I've put together two graph filters that can be applied to the VD.

The first one detects the interior or exterior of a polygon. When the VD is constructed the polygon boundary must be input in CW order, and any islands inside the polygon in CCW order (or vice versa). This allows running other downstream algorithms only on the parts of the VD that pass the filter. Like these exterior and interior offsets:

The other filter looks at the interior VD and tries to produce an approximate medial axis. We can start with the complete interior VD, such as this "J":

By definition the medial axis consists of *"the set of all points having more than one closest point on the object's boundary". *The separator edges shown in purple above can clearly be eliminated, since their adjacent/defining sites are an open line-segment and the segment's endpoint. Removing separators gives us this:

Now we can either finish here, or try to filter out some more edges to make it look better. Since we approximated smooth curves with line-segments we should try to detect which parts of the boundary are really distinct curves, and which are merely many consecutive line-segments approximating a single smooth curve. I've compared the dot-product (angle) between two consecutive segments, and applied an arbitrary threshold:

For the whole alphabet it looks like this.

The choice of threshold value for the angle-filtering is arbitrary. In many cases such as "x" and "m" it results in small or large left-over branches. This could probably be avoided by (1) tuning the angle-threshold, (2) approximating smooth curves with a larger number of line-segments, (3) eliminating branches below a certain length, or (4) choosing a font that's made for v-carving (are there any?).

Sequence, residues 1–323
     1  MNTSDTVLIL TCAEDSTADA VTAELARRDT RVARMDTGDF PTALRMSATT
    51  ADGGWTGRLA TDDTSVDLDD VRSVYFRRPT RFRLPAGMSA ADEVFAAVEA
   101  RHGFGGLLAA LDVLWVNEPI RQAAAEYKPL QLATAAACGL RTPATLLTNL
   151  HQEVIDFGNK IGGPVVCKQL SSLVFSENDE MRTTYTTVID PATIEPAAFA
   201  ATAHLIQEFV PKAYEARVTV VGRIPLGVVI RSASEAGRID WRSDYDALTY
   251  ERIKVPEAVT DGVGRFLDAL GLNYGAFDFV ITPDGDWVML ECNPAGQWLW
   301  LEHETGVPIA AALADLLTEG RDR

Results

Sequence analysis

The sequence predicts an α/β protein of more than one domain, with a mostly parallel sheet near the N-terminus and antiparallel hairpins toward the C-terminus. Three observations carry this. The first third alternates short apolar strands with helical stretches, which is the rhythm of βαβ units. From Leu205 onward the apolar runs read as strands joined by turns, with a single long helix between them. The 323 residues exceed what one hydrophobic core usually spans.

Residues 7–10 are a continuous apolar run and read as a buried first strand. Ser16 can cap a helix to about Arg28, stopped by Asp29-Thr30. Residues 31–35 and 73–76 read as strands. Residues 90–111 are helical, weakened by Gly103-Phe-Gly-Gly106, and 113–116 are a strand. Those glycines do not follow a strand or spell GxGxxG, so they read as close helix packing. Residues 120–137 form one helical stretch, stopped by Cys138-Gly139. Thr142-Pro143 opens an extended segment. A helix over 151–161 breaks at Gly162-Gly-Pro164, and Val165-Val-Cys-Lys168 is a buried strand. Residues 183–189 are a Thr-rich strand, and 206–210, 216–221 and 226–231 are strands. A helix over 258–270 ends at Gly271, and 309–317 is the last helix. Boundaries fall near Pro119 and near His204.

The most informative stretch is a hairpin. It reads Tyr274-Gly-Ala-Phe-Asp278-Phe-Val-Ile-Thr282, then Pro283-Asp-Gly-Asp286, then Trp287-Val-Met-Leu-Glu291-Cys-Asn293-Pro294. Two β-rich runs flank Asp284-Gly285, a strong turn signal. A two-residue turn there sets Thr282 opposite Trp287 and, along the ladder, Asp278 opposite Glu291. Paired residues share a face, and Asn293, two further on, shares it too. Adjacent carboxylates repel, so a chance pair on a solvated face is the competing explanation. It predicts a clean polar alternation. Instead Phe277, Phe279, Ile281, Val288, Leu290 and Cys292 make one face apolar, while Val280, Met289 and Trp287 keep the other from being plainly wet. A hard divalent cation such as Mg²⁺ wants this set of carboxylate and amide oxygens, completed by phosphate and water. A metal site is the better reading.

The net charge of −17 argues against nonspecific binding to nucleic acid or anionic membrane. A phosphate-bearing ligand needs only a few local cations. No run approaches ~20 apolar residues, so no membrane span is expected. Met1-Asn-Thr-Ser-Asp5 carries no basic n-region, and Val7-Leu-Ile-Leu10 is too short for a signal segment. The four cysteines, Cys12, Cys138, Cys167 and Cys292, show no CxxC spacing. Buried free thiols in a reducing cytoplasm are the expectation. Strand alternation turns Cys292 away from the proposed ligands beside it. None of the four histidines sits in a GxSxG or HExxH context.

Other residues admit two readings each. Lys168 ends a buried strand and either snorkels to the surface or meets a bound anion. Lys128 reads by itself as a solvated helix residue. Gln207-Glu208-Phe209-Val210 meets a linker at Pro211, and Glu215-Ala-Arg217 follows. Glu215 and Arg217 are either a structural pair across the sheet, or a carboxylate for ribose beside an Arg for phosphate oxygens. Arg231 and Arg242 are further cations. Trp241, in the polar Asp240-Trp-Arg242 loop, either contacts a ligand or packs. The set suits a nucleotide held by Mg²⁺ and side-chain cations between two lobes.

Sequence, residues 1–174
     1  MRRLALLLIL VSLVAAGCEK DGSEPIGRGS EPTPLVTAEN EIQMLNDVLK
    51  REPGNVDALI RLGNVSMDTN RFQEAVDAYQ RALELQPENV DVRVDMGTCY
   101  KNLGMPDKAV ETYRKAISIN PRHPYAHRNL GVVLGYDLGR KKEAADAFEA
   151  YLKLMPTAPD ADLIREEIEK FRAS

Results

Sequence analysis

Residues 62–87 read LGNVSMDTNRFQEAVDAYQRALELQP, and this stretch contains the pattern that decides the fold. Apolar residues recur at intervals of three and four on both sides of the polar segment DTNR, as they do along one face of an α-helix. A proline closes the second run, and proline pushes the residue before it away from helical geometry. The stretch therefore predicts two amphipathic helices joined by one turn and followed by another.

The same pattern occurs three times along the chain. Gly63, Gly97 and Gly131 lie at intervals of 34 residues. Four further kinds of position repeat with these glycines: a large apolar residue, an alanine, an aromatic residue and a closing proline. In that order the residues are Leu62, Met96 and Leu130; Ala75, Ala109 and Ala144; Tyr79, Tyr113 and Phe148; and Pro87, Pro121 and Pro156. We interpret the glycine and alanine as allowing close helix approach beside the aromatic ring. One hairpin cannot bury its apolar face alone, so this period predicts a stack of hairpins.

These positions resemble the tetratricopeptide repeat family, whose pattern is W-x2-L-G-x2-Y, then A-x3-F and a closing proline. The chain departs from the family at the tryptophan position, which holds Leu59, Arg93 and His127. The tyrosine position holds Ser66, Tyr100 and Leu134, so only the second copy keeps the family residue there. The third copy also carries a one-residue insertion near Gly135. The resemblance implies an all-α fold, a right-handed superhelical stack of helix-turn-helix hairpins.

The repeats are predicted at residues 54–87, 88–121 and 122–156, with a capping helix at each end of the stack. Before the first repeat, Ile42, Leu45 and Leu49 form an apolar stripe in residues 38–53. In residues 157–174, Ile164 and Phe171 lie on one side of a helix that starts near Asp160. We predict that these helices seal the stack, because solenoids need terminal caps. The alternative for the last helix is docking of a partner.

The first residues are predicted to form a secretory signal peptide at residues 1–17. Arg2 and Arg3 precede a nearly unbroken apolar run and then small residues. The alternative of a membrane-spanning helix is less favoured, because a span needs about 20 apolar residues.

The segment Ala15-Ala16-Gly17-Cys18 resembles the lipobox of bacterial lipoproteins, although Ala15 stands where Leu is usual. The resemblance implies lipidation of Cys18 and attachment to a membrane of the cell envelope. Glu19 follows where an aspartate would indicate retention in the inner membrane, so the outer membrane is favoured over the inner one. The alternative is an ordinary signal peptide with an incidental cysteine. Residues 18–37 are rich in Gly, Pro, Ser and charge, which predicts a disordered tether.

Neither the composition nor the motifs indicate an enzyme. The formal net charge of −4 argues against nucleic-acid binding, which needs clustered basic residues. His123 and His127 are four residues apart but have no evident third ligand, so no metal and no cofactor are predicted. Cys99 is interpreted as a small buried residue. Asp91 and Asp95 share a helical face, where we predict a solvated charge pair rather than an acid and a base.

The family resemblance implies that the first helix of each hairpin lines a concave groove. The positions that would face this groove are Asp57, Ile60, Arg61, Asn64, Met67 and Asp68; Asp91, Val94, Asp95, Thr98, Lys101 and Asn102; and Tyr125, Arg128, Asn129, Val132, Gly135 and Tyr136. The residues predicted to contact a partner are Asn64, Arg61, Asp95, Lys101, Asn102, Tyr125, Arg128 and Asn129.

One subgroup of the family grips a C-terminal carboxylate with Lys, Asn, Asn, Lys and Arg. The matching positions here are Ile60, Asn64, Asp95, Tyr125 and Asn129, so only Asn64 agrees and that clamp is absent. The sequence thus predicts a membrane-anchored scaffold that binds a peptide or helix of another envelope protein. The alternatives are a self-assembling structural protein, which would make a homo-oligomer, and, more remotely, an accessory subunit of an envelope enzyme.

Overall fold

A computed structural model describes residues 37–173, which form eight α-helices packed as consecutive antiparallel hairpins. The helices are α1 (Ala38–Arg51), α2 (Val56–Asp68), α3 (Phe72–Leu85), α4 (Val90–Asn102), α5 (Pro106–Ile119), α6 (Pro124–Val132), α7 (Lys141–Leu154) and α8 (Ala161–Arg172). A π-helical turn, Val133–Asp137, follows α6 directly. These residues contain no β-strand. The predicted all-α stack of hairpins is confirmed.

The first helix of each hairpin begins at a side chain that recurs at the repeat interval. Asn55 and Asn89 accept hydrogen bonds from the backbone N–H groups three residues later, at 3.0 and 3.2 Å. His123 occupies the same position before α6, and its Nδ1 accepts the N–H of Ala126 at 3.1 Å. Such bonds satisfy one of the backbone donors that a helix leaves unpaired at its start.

Although it's probably not right to call it a "medial axis" , the same filter applied to the exterior VD also looks interesting. It divides the plane into organic looking shapes around each letter. It could probably be used for a lot of shape analysis. For example in a smart pocketing routine to find large areas that can be cleared with a large cutter, before a smaller cutter is required for the details. Note that in addition to the geometric shape of all the blue-ish edges the diagram also holds distance-information at each point of an edge. The distance stored is a clearance-disk radius, i.e. we can draw a circle at any point of an edge with this radius, and no input geometry (in yellow) will intersect the circle.

January 16, 2012 at 20:33

magnificent work Andy ... I have looked at how to compute V carve tool paths several times and always got in over my head. It looks like you are very close to being able to generate EMC2 gcode toolpaths. How much code is involved? Would it be possible to build an EMC2 filter program like http://wiki.linuxcnc.org/cgi-bin/emcinfo.pl?Simple_EMC_G-Code_Generators#Text_Engraving_Software

cheers

Lawrence

January 17, 2012 at 07:11

Hi Lawrence,

sloccount reports 4387 of "physical source lines" for openvoronoi. It requires cmake, libqd (quad-precision arithmetic) and boost to build.

I'm getting the geometry from a slightly modified version of truetype-tracer.

I can try to make a simple EMC2 v-carving filter. I'm not sure how to best order the medial-axis moves.

Anders

January 17, 2012 at 07:34

Beautiful pictures. You've made some awesome progress!

January 17, 2012 at 10:57

Hi Anders,

it is a real pleasure to follow your steady progress in developing this algorithm up to the really impressing current state. This turns opencamlib into a great gem - thanks for your work!

cheers,

Lars

December 22, 2012 at 17:08

The "exterior medial axis" actually looks like some voronoi PCB routing I've seen elsewhere, e.g. here (many other sites also!)

http://blog.makezine.com/2010/07/26/voronoi-mapped-pcbs-using-visolate/

February 12, 2016 at 12:25

Awesome! do you realise you have made yourself a freeform hipped roof calculator?